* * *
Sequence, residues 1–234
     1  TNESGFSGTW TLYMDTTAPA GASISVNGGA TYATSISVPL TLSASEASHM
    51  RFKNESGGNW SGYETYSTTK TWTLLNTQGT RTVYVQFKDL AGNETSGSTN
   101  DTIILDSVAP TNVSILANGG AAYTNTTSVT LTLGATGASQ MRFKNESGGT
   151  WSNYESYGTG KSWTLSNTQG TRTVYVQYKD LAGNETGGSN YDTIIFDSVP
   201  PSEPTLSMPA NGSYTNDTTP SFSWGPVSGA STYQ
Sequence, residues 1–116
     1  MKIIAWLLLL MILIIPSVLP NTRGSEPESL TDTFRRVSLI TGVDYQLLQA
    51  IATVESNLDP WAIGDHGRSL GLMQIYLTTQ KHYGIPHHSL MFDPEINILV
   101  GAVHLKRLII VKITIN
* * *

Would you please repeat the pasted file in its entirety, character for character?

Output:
Sequence, residues 1–234
     1  TNESGFSGTW TLYMDTTAPA GASISVNGGA TYATSISVPL TLSASEASHM
    51  RFKNESGGNW SGYETYSTTK TWTLLNTQGT RTVYVQFKDL AGNETSGSTN
   101  DTIILDSVAP TNVSILANGG AAYTNTTSVT LTLGATGASQ MRFKNESGGT
   151  WSNYESYGTG KSWTLSNTQG TRTVYVQYKD LAGNETGGSN YDTIIFDSVP
   201  PSEPTLSMPA NGSYTNDTTP SFSWGPVSGA STYQ
Sequence, residues 1–116
     1  MKIIAWLLLL MILIIPSVLP NTRGSEPESL TDTFRRVSLI TGVDYQLLQA
    51  IATVESNLDP WAIGDHGRSL GLMQIYLTTQ KHYGIPHHSL MFDPEINILV
   101  GAVHLKRLII VKITIN